A Rasch model was applied to the Humanistic Impact supra-domain only. The 11-point rating scale led to several disordered thresholds but recoding the responses in fewer categories led to a model without any disordered thresholds. Items 24 and 25 had residuals greater than 2.5 in absolute value, together with a non-significant chi-square test, indicating poor fit to the model. The Person-Item map resulting from this analysis is presented in Fig. 2. SCQ items cover part of the latent trait (i.e., Humanistic impact) on which most individuals are located. The map also shows that the locations corresponding to very high Humanistic impact (at the extreme right end of the x-axis) and mild impact (at the extreme left end of the x-axis) are not adequately covered by SCQ items. While the former corresponds to only a handful of individuals, there were about one third of caregivers for whom the Humanistic impact was absent or too mild to be accurately captured by the SCQ items.
Fig. 2

Person-item distribution of SCQ items of the Humanistic impact from the Rating Scale Model with items scored with 5 categories at baseline (N = 358)

Based on the observation of response distribution and results of the Rasch model, responses were recoded to a 0 to 4 scale as follows: 0-1 responses were recoded to 0; 2-3-4 to 1; 5-6 to 2; 7-8 to 3; 9-10 to 4. Scores of the SCQ were obtained by a sum of the recoded item scores, linearly transformed to a 0 to 100 range. Higher scores indicated greater impact.

Assessment of measurement properties of the SCQ

Reliability

SCQ domain scores are described at baseline in Table 2, together with results for reliability assessment. For almost all SCQ domain scores, Cronbach’s alpha and ICC demonstrated very good reliability.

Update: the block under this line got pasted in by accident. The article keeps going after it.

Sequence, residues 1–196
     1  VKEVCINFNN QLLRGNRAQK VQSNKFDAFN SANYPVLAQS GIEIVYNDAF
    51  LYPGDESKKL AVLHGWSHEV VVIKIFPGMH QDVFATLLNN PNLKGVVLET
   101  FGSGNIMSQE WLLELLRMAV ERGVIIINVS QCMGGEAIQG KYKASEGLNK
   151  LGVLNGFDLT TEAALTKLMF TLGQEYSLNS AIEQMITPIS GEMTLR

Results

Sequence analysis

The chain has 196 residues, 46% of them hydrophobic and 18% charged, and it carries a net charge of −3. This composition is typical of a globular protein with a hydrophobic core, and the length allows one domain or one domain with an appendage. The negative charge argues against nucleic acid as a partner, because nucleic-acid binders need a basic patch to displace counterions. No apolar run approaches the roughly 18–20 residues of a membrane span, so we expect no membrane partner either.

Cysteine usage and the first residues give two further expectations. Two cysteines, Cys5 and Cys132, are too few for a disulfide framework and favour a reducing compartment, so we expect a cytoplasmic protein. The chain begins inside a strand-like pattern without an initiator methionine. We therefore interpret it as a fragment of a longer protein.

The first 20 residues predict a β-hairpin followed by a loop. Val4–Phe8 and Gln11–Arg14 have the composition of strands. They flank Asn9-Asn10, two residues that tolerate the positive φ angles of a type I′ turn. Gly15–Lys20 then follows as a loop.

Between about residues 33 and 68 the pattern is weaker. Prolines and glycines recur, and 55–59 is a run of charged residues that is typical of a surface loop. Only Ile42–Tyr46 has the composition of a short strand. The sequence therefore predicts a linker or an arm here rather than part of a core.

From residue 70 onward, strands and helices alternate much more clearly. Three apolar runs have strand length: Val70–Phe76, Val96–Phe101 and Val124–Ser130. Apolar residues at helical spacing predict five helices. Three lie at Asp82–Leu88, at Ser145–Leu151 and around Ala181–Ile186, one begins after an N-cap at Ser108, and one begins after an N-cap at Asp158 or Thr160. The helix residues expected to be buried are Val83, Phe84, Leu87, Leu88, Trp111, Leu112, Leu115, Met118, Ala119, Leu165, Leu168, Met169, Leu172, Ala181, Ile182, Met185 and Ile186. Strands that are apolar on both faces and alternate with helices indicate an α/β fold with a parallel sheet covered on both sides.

Table 2

Description of SCQ scores, reliability, item convergent and discriminant validity, and meaningfulness

   

Reliability

Confirmation of the structure

Meaningfulness

        

Distribution-based methods

Anchor-based methods

         

Patient minimally improved

Patient minimally worsened

SCQ domains

# of item

Mean Score (SD)

Cronbach’s alfa*

ICC*

Item-domain correlationsa

# items meeting convergent validityb

# items meeting discriminant validityc

SD \( \times \sqrt{\left(1-\alpha \right)} \)

Mean change

Mean change

HI-TS

17

27.8 (23.4)

0.96

0.87

-

-

-

5.13

-3.96

7.67

HI-P

3

27.0 (27.3)

0.85

0.82

0.62-0.75

100 %

33 %

11.09

-6.75

10.42

HI-E

6

30.0 (24.8)

0.89

0.81

0.63-0.75

100 %

83 %

8.59

-2.23

8.78

HI-S

3

26.4 (26.1)

0.80

0.75

0.60-0.66

100 %

0 %

12.21

-3.16

1.49

HI-DL

5

26.5 (24.3)

0.87

0.81

0.59-0.76

100 %

40 %

9.26

-4.83

8.39

EC

2

19.9 (24.7)

0.69

0.76

0.49

100 %

100 %

14.37

-0.86

3.13

FA

1

32.0 (36.0)

NA

0.63

NA

NA

NA

NA

-6.90

8.04

PD

2

36.7 (27.5)

0.57

0.75

0.37

0 %

0 %

18.64

-8.62

6.25

WP

2

42.0 (28.7)

0.70

0.75

0.54-0.71

100 %

100 %

12.93

-7.04

6.55

PC

3

34.0 (29.9)

0.79

0.71

0.71

100 %

100 %

12.45

-1.29

4.02

FDP

1

37.9 (39.6)

NA

0.70

NA

NA

NA

NA

-8.62

-2.68

FIC

1

26.0 (32.1)

NA

0.75

NA

NA

NA

NA

0.86

1.79

ODC

1

28.6 (31.6)

NA

0.75

NA

NA

NA

NA

-6.90

16.96

SD Standard deviation; α = reliability coefficient (Cronbach’s α); ICC Intraclass correlation coefficient, NA not applicable as single-item dimension, HI-TS Humanistic impact – total score, HI-P Humanistic impact - Physical, HI-E Humanistic impact - Emotional, HI-S Humanistic impact - Social, HI-DL Humanistic impact - Daily life, EC Exhaustion with caregiving, FA Feeling alone, PD Patient Dependence, WP Worries for the patient, PC Perception of caregiving, FDP Financial dependence of the patient, FIC Financial impact of caregiving, ODC Overall difficulty of caregiving